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First-of-its-kind open source project brings your animated drawings to life

April 13, 2023ByJesse Smith

The Fundamental AI Research (FAIR) team at Meta AI is excited to release Animated Drawings, an open source project aimed at helping creators and developers easily create their own drawing-to-animation experiences or products. It started in 2021 when researchers from FAIR decided to apply recent advances in computer vision towards a fast and intuitive pipeline to animate the human-like figures found in character drawings.

Drawing is a familiar and fun mode of expression, and the characters we draw as beginners are often wonderfully odd, abstract, and imaginative. Who hasn’t wished that those delightful characters might come alive, moving around on the page? There are even books and TV episodes that speak to this universal fantasy. Unfortunately, actually achieving that effect is quite hard. Creating many drawings to give the illusion of motion (such as a flip book) is tedious, and existing animation tools can be challenging for newer users. As a result, many incredible characters remain static on the page.


Our researchers envisioned using object detection models, pose estimation models, and image processing-based segmentation methods to quickly create a digital version of the drawing. This could then be deformed and animated using traditional computer graphics techniques. At Meta, we see this vision as an opportunity to connect people and communities through the power of creativity.

But there was a problem: character drawings, at the scale needed to train a computer vision model, are quite hard to come by. They also need annotations, such as bounding boxes, segmentation masks, and joint locations. No such dataset exists. To solve this problem, the researchers created the Animated Drawings Demo, a publicly-accessible web-based tool where creators could upload their drawings, view/correct a few model predictions, and receive an animation starring a character in the drawings - all in less than a minute. As part of the user flow, parents could opt to allow Meta to retain the image and annotations for future research purposes; this was completely optional, and the answer didn’t affect the functionality of the tool in any way. The researchers released the demo with the hopes of eventually collecting 10,000 drawings with which to improve their model’s performance.

The reaction to the Animated Drawings Demo was overwhelmingly positive. Within the first few months, users had uploaded and provided consent to use over 1.6 million images. Interestingly, many of the demo’s users tried to use it for purposes other than the original intent. Many of the images uploaded weren’t amateur drawings at all. They were pictures of company logos, stuffed animals, anime characters, pets, action figures, and a variety of other things that people wanted to animate. While the demo specified the necessity for human figures in the instructions, users uploaded quadrupeds, birds, fish, and many other forms. Users also indicated their desire for a more comprehensive tool via social media posts and in-demo bug reporting. They wanted transparent backgrounds, support for different skeleton types, multiple interacting characters, sound effects, background scenery, and text overlays.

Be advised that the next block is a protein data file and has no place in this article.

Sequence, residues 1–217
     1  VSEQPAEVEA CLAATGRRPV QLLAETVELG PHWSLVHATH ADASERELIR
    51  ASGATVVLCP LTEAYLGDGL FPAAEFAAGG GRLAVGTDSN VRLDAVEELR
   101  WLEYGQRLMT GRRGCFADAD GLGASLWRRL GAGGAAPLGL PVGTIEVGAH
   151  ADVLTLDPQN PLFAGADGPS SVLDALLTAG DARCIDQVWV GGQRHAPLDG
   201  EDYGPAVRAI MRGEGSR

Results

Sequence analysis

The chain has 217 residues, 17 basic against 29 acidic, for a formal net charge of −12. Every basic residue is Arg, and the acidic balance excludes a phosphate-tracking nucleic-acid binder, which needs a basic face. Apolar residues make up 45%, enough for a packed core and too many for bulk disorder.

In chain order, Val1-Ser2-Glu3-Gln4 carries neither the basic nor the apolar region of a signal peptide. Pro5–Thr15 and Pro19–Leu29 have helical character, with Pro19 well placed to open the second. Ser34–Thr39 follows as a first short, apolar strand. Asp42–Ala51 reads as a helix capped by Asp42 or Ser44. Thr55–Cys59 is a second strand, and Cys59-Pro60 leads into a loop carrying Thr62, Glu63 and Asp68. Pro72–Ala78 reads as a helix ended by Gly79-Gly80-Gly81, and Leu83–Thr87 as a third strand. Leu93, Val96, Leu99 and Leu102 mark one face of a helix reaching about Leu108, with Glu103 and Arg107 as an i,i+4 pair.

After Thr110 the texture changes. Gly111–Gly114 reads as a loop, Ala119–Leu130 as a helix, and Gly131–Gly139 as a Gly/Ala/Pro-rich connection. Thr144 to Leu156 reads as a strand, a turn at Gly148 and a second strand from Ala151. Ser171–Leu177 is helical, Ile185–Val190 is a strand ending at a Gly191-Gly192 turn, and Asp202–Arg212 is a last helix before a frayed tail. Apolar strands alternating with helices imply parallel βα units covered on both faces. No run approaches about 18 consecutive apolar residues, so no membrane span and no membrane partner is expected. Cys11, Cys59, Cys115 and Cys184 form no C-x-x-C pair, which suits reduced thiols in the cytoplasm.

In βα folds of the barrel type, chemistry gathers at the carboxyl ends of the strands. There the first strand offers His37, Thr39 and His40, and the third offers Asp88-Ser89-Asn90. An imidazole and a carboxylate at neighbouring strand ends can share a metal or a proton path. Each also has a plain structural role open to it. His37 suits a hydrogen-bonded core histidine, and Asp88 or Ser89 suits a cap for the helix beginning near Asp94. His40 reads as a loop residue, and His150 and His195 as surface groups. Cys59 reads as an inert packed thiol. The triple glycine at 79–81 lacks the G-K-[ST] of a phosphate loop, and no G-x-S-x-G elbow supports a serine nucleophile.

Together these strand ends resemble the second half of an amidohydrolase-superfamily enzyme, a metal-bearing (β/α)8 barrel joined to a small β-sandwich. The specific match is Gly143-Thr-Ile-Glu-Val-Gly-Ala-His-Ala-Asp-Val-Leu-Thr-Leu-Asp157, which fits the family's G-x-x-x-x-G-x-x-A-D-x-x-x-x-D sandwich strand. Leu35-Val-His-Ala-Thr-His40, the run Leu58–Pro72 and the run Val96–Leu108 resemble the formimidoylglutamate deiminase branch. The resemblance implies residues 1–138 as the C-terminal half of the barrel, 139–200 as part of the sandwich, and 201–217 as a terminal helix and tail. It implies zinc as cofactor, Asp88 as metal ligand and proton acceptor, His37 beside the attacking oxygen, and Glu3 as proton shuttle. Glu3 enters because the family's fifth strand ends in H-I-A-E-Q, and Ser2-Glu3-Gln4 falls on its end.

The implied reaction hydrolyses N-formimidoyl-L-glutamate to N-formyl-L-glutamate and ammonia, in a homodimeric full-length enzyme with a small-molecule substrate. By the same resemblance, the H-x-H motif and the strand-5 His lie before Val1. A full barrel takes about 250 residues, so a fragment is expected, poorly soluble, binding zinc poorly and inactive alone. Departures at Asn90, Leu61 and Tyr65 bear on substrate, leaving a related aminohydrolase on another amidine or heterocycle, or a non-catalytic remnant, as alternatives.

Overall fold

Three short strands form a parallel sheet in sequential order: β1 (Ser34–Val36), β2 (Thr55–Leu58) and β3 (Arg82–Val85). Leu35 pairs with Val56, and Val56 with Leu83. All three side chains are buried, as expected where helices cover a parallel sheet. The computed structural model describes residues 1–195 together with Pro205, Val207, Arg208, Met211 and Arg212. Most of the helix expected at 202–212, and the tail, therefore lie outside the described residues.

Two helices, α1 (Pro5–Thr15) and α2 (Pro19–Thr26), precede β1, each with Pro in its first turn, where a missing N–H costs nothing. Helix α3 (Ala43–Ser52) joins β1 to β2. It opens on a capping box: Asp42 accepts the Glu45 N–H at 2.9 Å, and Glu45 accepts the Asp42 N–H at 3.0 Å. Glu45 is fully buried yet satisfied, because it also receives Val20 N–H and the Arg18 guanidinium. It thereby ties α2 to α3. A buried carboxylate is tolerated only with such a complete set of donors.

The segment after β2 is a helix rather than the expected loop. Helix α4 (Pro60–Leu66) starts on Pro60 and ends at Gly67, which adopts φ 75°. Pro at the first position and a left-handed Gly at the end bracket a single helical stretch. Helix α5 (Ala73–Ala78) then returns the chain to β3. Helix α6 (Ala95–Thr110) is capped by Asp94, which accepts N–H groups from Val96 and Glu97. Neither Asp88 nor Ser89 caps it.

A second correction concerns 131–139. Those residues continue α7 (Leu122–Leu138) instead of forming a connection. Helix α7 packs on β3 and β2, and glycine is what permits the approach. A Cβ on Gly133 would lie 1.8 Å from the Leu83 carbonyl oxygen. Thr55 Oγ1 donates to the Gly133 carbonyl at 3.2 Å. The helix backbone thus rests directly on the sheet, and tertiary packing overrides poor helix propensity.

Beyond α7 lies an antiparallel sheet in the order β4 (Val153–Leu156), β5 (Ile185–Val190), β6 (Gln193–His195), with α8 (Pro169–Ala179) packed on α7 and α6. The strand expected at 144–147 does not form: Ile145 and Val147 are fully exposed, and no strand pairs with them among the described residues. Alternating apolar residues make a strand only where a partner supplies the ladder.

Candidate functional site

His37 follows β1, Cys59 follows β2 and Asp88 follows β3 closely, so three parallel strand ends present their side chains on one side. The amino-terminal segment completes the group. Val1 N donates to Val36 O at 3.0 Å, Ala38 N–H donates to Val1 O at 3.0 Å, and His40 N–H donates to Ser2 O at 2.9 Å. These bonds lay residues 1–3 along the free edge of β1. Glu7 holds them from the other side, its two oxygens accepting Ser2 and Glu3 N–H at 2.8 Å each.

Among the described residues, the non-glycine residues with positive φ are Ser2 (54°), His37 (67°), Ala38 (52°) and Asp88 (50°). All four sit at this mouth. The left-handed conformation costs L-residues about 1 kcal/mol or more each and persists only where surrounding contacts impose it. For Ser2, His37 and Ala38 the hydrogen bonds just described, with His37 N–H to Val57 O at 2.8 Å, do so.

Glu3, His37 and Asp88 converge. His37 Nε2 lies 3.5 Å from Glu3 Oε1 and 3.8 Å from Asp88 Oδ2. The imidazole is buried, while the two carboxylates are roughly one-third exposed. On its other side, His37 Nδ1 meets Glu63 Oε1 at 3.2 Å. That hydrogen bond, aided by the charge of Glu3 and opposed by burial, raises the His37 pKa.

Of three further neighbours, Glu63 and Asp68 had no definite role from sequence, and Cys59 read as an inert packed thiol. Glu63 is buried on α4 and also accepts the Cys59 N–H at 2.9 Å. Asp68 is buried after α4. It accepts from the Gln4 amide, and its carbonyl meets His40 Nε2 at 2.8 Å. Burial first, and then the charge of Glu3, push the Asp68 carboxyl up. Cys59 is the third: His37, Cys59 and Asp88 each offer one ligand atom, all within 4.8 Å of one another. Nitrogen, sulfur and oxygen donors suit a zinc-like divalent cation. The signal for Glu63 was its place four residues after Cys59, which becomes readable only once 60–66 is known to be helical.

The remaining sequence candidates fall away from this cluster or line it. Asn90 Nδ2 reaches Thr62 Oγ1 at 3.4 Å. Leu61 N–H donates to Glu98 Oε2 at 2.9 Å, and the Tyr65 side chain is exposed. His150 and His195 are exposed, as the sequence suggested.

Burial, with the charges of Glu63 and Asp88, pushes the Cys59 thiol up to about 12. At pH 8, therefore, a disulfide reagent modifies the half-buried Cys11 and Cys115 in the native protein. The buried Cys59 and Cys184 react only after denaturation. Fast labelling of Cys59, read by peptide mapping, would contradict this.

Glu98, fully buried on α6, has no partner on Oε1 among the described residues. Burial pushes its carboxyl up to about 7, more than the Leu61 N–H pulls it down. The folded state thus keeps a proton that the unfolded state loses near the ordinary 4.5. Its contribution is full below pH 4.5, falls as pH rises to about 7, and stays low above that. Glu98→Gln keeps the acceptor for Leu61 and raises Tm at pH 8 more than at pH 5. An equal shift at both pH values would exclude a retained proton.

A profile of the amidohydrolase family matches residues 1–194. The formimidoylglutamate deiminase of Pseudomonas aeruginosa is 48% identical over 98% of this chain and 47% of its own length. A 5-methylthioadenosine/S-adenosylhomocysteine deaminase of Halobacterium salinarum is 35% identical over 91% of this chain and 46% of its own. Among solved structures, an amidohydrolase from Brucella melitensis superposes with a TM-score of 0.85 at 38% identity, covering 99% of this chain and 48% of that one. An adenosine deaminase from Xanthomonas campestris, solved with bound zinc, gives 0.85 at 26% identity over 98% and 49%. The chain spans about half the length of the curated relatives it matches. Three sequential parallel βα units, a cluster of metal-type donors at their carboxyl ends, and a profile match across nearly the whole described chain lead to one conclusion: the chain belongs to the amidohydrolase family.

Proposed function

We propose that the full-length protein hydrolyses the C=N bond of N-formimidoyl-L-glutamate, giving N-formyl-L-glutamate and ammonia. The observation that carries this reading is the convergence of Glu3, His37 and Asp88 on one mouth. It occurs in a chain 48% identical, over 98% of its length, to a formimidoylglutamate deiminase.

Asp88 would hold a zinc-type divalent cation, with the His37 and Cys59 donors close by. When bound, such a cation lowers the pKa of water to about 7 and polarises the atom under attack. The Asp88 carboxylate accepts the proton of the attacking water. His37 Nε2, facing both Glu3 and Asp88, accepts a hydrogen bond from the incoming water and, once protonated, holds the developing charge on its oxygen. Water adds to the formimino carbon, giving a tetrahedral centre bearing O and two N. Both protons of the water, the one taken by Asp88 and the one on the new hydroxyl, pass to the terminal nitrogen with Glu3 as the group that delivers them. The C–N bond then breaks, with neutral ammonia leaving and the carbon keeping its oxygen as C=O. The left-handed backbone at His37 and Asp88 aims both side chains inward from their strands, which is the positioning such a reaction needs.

Clearly, there was interest in more drawing-to-animation-based experiences. Rather than extend the demo to support all the new feature requests, the researchers decided instead to release an open-sourced version of the models and code used by the Animated Drawings Demo. Meta hopes that by implementing Animated Drawings in our own projects, we can inspire other developers to create demos and experiences that utilize animation assets from user drawings.

The Animated Drawings project is a great example of how open source technology can be used to lower the barrier to entry for people who want to experiment with animation and create their own drawing-to-animation experiences. By releasing the models and code as open source, the project provides a starting point for developers to build on and extend the project, fostering a culture of innovation and collaboration within the open source community.

If you're interested in exploring the FAIR Animated Drawings project, check out the installation and quick start instructions on the project's README. For a more visual exploration of the open source Animated Drawings project, we've also created a fun YouTube video with examples that you can check out here. We can't wait to see what you create!